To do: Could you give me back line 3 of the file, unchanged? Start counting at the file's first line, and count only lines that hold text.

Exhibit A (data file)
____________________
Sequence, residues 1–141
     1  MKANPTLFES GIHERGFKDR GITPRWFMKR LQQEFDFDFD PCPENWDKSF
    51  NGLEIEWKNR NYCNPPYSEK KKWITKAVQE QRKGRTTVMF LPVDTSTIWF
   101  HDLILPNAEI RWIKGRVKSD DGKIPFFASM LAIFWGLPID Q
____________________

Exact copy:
    51  NGLEIEWKNR NYCNPPYSEK KKWITKAVQE QRKGRTTVMF LPVDTSTIWF